• The coronavirus’ Japan impact has been quite different than that in the US, with the country comparatively keeping the virus at bay without resorting to the widespread and painful lockdown measures seen in the US.
  • Japan has also seen relatively few deaths from the coronavirus.
  • However, a new development in the country reflects just how unconventional some of the response around the world has been to the virus: In Japan, riders on roller coasters are encouraged to keep their screams to themselves from now on, since loud talking is known to spread the virus.

The coronavirus pandemic, in addition to causing a global public health crisis and spawning billions of dollars in economic damage that it will take years to recover from, has sparked lots of byproducts and offshoot realities that didn’t necessarily seem imminent at the start of the crisis.

For example, drive-in movie theaters — heretofore an anachronistic, barely surviving offshoot of the traditional movie business — are now suddenly enjoying a second life. Everyone’s work life started reorienting itself around Zoom meetings, which means less need to dress up in formal attire the way you would for in-person meetings (which is why Brooks Brothers has just filed for bankruptcy). Those of you who caught one of our earlier coronavirus reports will also recall that a study has found you can spread the virus just by talking — and talking especially loud spreads it more — which leads us to what may be one of the unintentionally silliest byproducts of the COVID-19 crisis yet. It has to do with theme parks in Japan, and the fact that they are now strongly encouraging people who ride roller coasters to … well, refrain from screaming. You know, because your exclamations of joy (or terror) may also be spraying coronavirus all over the place.

This news comes via The Wall Street Journal, which notes that the association governing Japan’s theme parks has come up with guidelines meant to support the parks’ gradual reopening that began in May. Those guidelines included a face mask mandate — and the aforementioned ban on screaming.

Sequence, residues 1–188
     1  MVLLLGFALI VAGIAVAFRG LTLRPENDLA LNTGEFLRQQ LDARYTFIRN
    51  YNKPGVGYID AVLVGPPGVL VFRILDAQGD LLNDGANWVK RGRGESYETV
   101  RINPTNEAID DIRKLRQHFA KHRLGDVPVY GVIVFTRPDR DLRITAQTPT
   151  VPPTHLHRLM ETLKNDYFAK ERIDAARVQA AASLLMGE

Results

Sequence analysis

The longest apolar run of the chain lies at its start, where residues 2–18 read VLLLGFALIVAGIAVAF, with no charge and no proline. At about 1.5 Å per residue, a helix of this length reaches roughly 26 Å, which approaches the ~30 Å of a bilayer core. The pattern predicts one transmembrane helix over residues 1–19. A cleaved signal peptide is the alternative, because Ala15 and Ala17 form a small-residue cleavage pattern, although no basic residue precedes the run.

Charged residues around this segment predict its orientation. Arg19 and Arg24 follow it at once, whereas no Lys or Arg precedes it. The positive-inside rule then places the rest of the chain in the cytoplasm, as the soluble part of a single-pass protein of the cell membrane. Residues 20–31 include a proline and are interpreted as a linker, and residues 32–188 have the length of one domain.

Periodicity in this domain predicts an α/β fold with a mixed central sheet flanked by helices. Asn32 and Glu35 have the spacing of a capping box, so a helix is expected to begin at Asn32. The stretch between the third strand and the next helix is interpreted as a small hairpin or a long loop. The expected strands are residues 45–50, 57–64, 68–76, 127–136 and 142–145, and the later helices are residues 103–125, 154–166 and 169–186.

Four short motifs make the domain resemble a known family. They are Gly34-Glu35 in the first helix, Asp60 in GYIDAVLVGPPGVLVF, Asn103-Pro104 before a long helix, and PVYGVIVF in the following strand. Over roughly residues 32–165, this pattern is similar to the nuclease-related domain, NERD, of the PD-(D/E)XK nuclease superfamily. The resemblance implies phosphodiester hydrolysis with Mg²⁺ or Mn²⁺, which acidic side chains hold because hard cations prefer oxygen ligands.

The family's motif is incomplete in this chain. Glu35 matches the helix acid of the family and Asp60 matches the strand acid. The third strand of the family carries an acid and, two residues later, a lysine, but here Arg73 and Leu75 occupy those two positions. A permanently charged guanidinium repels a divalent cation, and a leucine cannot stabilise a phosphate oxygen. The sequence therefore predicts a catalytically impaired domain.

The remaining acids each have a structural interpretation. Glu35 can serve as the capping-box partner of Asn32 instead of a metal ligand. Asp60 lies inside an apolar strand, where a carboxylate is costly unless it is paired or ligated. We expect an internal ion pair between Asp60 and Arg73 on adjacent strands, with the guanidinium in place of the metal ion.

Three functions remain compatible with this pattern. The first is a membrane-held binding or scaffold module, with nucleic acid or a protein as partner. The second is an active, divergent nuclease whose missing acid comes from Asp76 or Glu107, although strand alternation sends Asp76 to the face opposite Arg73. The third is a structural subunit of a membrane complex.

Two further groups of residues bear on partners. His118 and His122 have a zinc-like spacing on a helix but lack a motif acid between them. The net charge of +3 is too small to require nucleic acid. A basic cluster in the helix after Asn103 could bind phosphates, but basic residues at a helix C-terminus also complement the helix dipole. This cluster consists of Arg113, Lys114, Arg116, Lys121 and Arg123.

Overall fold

In fact, two executives from the Fuji-Q Highland theme park recorded a video of themselves, wearing face masks and dressed sharply, sitting ramrod straight, and riding a roller coaster in complete silence. They are still, with serious faces, and they barely move.

The video, which you can see below, ends with a request that park visitors “scream in your heart.”

According to the Journal, most parks in the country including Universal Studios Japan in Osaka are following the new guidelines, which includes the scream ban — but be aware, if you do let out a yelp either voluntarily or involuntarily as you plunge down a terrifying roller-coaster dip, you won’t be punished.

Even so, some parkgoers think a rule like this is a bit too much to ask. “You don’t see Disneylands in other countries asking people not to scream,” Yuuki Suzuki, who bought tickets for Tokyo Disneyland’s reopening day, told the paper. “It’s too strict. If a scream comes out, it comes out.”

It’s an especially tough ask for people not to scream at the park you see in the video above, which is west of Tokyo. The Do-Dodonpa roller coaster there actually holds the world record for the fastest acceleration, according to the park website. It can hit 112 miles an hour in just 1.56 seconds. Yikes!

Andy is a reporter in Memphis who also contributes to outlets like Fast Company and The Guardian. When he’s not writing about technology, he can be found hunched protectively over his burgeoning collection of vinyl, as well as nursing his Whovianism and bingeing on a variety of TV shows you probably don’t like.